A Week In Books

At the Edinburgh Festival

David Hume famously scoffed at the notion of post-mortem consciousness, but even the arch-sceptic may be spinning in his grave. Tomorrow, the book festival in his native Edinburgh will host a day of talks devoted to the value of feng shui in its "Lifestyle Tent". This touchy-feely teepee shelters a fortnight of New Age-accented shindigs as a sideshow to the more orthodox events. Adding insult to injury, the canvas Temple of Unreason stands with the other Festival marquees at the heart of Robert Adam's Charlotte Square in the New Town - a pure Enlightenment sermon in stone. It faces the tent in which BT showcases the hi-tech glories of electronic publishing. Someone is hedging their bets. But business looked brisk earlier this week as visitors checked out sessions on acupuncture, aromatherapy, Thai massage and all points east.

However much the Edinburgh organisers try to gloss feng shui as a sort of turbocharged interior design, it remains a form of ancient earth magic, or geomancy. As a long-lived superstition, it ranks with (say) Tarot-reading and astrology, neither of which yet has a niche in Charlotte Square. It was Hume's own landmark essay "On Miracles" - itself one of Edinburgh's greatest gifts to European thought - that found the last word on the New Age, back in 1748. Hume shakes a wry head at "the usual propensity of mankind towards the marvellous" before accepting that this urge "can never be thoroughly extirpated from human nature".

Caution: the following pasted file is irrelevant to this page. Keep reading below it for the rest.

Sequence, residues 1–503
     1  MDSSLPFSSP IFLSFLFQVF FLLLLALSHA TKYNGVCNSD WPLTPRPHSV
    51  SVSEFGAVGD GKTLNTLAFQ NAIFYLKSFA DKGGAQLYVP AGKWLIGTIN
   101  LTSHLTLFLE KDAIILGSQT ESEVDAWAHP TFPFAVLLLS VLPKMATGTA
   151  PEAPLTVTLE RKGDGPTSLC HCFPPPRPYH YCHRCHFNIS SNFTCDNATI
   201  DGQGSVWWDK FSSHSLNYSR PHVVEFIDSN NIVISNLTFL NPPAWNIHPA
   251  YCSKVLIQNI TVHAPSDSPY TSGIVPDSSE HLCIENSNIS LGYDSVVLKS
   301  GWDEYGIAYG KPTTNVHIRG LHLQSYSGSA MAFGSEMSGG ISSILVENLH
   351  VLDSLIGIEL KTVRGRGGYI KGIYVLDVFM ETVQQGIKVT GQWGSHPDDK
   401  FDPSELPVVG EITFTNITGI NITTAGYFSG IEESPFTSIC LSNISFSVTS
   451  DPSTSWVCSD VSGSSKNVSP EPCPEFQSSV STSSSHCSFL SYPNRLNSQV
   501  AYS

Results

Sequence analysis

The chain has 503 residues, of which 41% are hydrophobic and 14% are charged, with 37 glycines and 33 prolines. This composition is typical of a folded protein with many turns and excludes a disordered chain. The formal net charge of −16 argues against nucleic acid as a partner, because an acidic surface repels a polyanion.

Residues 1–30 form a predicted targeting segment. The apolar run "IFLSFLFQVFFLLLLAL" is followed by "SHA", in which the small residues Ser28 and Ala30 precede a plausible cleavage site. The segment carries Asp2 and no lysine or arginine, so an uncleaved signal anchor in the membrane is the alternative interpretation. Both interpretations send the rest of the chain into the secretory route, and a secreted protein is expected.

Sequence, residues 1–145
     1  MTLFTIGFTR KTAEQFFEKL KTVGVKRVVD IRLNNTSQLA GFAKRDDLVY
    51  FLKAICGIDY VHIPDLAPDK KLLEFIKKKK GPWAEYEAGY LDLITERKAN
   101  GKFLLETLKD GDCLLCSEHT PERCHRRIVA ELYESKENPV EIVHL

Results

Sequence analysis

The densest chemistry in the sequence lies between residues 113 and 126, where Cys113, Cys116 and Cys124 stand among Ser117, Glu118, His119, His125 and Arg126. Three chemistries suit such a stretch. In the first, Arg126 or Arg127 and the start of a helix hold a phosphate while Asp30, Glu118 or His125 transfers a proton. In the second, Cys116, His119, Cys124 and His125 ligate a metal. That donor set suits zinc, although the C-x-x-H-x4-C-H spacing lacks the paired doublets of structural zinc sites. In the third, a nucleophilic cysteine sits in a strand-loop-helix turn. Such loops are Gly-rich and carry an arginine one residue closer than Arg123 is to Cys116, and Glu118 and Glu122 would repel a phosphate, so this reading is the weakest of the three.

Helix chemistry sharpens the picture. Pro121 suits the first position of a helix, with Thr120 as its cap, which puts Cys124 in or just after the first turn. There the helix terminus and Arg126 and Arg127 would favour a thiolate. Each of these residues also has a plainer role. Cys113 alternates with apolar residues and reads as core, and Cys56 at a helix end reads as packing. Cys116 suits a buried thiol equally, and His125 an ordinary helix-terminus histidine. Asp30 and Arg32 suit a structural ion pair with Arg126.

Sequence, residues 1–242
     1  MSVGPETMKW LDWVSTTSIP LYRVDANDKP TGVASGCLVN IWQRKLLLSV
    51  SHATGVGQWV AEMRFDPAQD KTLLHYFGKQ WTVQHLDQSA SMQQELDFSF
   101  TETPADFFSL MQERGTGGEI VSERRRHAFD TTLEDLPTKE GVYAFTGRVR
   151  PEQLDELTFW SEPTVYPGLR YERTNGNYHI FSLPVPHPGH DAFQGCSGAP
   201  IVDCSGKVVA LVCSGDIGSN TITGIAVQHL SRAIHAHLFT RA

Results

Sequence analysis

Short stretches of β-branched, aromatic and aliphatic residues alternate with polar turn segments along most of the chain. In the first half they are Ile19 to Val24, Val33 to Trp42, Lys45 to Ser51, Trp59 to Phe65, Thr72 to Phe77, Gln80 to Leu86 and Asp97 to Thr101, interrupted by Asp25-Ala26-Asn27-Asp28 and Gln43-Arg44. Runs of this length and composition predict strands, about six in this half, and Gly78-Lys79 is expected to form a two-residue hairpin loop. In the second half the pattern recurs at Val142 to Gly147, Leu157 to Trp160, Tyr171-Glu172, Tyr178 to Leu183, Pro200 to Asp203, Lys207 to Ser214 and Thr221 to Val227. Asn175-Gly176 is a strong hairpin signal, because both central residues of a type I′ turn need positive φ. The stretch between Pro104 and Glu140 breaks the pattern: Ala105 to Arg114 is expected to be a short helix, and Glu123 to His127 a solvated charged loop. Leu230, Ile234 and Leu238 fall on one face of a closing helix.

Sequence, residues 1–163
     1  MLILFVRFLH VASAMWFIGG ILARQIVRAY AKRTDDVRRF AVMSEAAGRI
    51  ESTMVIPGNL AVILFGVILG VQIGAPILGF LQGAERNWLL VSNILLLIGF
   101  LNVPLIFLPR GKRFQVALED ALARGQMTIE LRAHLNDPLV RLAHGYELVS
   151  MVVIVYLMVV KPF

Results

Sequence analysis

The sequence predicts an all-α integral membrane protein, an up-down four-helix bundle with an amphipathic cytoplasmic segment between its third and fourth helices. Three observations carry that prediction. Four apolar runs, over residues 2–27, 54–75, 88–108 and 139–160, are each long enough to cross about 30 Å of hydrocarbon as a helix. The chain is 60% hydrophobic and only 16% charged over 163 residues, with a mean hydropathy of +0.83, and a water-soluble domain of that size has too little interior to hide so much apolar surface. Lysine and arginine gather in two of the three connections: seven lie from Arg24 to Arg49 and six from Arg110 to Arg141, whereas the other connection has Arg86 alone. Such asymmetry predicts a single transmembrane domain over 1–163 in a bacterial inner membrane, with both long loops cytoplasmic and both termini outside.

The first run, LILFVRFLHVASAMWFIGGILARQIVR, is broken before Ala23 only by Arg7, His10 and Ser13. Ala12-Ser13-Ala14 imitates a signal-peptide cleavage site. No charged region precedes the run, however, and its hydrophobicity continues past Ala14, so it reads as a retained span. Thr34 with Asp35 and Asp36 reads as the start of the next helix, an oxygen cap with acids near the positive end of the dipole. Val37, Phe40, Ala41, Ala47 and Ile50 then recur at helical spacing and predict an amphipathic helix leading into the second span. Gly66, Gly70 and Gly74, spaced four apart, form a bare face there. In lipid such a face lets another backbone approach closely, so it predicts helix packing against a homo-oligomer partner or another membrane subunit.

Acceptance is one thing; encouragement quite another. Yet Dr Jan Fairley, the Book Festival's new director, has arguably struck a useful blow for cultural glasnost by spotlighting "personal issues of belief and lifestyle" in her first programme. What the trade calls "mind, body and spirit" publishing still flourishes mightily. To the huge public that treats Hume's Enlightenment - especially in its scientific guise - as just another outworn creed, these works manage to refresh the parts other ideas cannot reach.

They fill acres of bookshop space (you can always find more books on astrology than on astronomy, Richard Dawkins often complains). They crowd the best-seller lists, propelled high into the charts by money-spinning serial deals with shameless middle-market newspapers. And they keep almost every intellectual charlatan known to European history solidly in print. No one save students and scholars now reads Hume's great forerunner, Michel de Montaigne - the only modern writer Shakespeare ever copied almost word for word (in The Tempest). Meanwhile, hundreds of thousands still pore over the gibberish rhymes of Montaigne's French contemporary, Nostradamus.

This vast bookish underworld - which keeps scores of publishers in funds, and armies of readers content - has almost no diplomatic relations with mainstream literary life. And that should bother mainstream literary folk more than it evidently does.

The Edinburgh "lifestyle" strand makes a gesture towards contact by welcoming the softer, therapeutic end of New Age thought (literally) into its camp. It nonetheless stays safely in a little ghetto. Punters who turn up for Roy Hattersley or Pat Barker, Kate Atkinson or Mario Vargas Llosa, need not know about the reflexology or "herbs for pets" advice going on across the square. Only Lynne Franks (unblushingly labelled by the brochure as "the inspiration for Edina" in AbFab) can be relied upon to straddle the gap.